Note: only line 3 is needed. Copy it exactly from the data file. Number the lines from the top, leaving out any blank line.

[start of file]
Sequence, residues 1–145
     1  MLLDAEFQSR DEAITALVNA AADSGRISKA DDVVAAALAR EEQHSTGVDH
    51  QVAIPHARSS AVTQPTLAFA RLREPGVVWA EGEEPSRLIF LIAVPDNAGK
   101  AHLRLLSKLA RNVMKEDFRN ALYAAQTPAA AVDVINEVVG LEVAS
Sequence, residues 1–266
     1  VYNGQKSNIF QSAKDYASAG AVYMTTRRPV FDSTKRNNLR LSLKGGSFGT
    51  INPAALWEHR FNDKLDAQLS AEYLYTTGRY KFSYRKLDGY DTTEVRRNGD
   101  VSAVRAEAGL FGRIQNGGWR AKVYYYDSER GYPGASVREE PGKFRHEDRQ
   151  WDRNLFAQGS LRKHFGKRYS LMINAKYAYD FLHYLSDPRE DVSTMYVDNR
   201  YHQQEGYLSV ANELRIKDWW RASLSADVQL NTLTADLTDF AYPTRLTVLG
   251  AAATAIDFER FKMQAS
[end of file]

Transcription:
    51  QVAIPHARSS AVTQPTLAFA RLREPGVVWA EGEEPSRLIF LIAVPDNAGK